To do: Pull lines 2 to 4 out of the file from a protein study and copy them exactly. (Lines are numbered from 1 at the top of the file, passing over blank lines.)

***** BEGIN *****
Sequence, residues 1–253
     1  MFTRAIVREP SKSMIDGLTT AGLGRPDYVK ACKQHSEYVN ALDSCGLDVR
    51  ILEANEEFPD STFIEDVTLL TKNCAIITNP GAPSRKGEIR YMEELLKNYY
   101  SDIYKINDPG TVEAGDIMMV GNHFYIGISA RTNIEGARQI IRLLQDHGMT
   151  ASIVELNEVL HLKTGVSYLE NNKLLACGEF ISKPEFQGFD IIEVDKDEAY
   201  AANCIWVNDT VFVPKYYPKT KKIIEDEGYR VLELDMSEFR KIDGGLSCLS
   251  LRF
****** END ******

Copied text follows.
     1  MFTRAIVREP SKSMIDGLTT AGLGRPDYVK ACKQHSEYVN ALDSCGLDVR
    51  ILEANEEFPD STFIEDVTLL TKNCAIITNP GAPSRKGEIR YMEELLKNYY
   101  SDIYKINDPG TVEAGDIMMV GNHFYIGISA RTNIEGARQI IRLLQDHGMT